WHEREAS financial and non-financial benefits are a necessary lubricant for the engine of capitalism;

WHEREAS cash salary and stock-based compensation alone can't retain top-flight executive management;

Therefore, the purpose of this section is to prohibit the unlawful restriction of perquisites.

To fully appreciate the positive effects of CEO perks on productivity and shareholder value, just climb down the corporate ladder a few rungs and look at the case of an executive at Aaron Rents (NYSE:RNT), the furniture, appliance, and consumer-products rental and leasing company. In the fine print of the company's April 2006 proxy filing is what some may consider a peculiar perk -- a "driver development program" taught by NASCAR driver Michael Waltrip's company. (Thanks to for highlighting perks like these.)

Who are the drivers being developed? Ken and Brett Butler, the sons of Bill Butler, director and president of the company's sales and lease ownership division. Aaron Rents estimates that it paid $890,000 in 2005 to train the Butler boys and nearly $1 million on the program in 2006. Not a bad gig when you consider that their dad made only $597,000 in 2005.

Now, those who don't fully appreciate America's capitalist system might be outraged by a perk like this. On the contrary, The Motley Fool believes such perks are a necessary and healthy part of capitalism. That's why The Motley Fool stands in full support of Section 5, the P.U.R.K.S. provision, of H.R. 401.

The Butler(s) did it
Consider for a moment what would happen if Mr. Butler had been required to pay out of his own pocket for his sons' driving classes. Butler's salary is much too small to cover the price tag for his sons' crucial training. As a result, he would have needed to take out a sizable loan -- a loan that would likely weigh heavily on his mind. By taking care of this expense, Aaron Rents affords itself a more focused and capable executive without adding one red cent to Butler's salary.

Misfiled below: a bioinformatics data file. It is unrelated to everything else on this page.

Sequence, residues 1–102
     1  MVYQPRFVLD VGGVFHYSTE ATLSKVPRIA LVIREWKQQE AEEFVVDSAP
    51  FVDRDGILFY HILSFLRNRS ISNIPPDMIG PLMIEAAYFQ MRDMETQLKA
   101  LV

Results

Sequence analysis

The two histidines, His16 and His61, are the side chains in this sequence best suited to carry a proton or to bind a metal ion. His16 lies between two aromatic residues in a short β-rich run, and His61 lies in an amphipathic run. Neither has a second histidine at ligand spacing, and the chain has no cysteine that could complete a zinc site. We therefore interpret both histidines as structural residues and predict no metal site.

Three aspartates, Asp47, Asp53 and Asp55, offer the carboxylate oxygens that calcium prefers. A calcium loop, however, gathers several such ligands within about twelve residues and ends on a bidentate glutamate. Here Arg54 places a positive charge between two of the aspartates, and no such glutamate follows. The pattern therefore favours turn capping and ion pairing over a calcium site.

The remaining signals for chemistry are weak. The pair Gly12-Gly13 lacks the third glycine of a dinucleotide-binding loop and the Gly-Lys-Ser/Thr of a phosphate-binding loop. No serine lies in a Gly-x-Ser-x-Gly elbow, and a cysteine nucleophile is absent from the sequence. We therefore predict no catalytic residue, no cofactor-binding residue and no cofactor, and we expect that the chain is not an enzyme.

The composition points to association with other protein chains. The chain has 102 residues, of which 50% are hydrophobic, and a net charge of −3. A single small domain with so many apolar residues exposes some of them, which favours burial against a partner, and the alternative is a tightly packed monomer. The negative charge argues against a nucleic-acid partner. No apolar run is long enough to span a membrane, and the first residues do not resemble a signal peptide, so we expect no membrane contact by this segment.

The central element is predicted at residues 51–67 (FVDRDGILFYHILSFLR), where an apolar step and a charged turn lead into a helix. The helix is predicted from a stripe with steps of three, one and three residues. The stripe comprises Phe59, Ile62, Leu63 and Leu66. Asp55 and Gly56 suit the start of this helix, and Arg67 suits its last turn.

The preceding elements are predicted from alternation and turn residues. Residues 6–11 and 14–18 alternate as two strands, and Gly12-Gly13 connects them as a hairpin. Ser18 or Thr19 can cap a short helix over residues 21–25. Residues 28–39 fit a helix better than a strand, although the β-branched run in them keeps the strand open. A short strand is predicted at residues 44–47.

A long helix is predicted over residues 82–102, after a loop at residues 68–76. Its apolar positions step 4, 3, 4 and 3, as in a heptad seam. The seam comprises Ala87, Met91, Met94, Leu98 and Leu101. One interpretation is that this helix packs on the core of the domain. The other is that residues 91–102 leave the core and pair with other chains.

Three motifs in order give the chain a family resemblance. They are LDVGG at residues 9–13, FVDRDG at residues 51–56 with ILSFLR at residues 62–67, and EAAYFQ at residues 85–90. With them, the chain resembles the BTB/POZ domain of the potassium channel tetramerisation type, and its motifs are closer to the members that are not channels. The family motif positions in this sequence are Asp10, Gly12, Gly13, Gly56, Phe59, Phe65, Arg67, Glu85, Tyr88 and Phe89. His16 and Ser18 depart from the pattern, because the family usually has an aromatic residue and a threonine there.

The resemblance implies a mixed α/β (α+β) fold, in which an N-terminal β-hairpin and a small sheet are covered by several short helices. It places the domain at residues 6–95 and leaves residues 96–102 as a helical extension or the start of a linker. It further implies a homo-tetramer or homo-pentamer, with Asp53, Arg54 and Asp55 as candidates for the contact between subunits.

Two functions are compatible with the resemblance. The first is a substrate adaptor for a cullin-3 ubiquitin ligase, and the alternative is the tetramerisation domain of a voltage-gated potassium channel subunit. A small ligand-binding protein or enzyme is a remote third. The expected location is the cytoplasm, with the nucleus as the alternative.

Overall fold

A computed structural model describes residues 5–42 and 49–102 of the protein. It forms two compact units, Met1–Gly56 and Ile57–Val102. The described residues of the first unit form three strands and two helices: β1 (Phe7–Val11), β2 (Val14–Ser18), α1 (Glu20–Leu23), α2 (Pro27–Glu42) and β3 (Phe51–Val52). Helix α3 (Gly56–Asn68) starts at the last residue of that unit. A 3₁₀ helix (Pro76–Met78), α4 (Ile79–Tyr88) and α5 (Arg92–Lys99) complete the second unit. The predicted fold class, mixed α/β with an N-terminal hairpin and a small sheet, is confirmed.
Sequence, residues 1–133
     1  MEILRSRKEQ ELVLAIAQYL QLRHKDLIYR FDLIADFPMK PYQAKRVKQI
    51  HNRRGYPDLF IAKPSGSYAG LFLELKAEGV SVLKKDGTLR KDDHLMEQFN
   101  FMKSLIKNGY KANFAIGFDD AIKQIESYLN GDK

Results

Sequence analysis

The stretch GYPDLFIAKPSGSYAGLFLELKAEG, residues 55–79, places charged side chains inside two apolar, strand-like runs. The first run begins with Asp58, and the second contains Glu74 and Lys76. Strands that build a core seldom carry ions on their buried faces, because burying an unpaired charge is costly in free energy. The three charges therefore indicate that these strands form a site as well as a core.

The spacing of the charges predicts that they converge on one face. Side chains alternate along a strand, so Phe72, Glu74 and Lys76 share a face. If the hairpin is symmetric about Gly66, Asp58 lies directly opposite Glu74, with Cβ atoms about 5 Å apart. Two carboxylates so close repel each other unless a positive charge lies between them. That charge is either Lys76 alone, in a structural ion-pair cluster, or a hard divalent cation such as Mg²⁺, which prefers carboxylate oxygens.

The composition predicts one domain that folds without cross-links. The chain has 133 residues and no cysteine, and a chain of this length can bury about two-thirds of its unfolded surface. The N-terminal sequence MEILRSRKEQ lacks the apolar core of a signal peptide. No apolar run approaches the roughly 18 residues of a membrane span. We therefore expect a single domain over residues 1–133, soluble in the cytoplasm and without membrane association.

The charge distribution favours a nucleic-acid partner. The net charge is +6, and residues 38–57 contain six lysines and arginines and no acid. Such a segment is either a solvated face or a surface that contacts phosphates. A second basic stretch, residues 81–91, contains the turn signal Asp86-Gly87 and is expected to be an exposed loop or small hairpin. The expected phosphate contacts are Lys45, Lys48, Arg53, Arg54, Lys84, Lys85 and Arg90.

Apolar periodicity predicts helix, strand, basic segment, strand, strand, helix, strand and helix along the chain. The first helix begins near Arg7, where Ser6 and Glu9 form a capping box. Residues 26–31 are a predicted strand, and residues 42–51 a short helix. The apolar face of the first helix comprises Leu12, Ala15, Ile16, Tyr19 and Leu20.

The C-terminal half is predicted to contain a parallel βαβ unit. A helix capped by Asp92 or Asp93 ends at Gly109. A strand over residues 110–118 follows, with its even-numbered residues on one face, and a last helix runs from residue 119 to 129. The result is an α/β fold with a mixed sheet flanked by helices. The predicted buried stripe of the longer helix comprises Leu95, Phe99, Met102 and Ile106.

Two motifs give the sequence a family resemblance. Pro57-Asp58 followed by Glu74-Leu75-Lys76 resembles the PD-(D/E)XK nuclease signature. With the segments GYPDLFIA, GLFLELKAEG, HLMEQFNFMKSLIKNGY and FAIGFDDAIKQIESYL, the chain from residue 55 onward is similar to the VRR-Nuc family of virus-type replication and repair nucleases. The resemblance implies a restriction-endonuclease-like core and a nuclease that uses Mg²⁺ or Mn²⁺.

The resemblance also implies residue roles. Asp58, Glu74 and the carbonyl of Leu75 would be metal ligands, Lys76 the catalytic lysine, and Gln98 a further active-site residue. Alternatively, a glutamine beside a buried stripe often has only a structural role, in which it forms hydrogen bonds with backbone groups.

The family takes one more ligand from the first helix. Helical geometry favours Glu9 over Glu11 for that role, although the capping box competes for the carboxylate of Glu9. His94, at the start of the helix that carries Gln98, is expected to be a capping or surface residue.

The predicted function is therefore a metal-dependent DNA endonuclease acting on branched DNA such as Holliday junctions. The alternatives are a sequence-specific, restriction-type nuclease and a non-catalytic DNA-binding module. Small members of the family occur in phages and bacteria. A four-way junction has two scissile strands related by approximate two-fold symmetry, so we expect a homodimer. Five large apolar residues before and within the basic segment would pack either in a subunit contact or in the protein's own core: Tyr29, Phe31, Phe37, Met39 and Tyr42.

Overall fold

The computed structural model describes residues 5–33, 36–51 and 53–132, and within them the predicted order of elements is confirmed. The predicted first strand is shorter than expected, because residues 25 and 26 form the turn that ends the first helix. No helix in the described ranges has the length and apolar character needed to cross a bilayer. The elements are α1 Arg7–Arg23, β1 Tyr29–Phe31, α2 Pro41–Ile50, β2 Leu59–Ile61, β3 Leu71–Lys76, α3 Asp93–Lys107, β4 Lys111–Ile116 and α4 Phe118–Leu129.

Some people may regard The Aaron Rents Driver Development Program as an inefficient use of capital. On the contrary, TARDDP is a profitable perk for everyone. Consider this: In 2006, Ken Butler racked up numerous top-five and top-10 finishes in the USAR Hooters Pro Cup Series AND claimed the Most Popular Driver Award.

That popularity wasn't overlooked on Wall Street, where shares of Aaron Rents raced to an all-time high. Combine that rising stock price with the brand exposure from the Butler boys, and the result is a booming bottom line for Aaron Rents -- a bottom line that benefited shareholders, non-shareholders, owners, and renters.

Perk up, naysayers
Unfortunately, in the wake of recently reported corporate "excesses," perks have somehow gotten a bit of a black eye. But capitalism is nothing without incentives, and perks are merely special incentives -- very special incentives. Perks reward the creative class and pave the road for future wealth creation. After all, what's more important? That Aaron Rents spends money on a driver-development program for the Butler boys, or that Bill Butler drives the company toward accelerating growth and even greater shareholder value?

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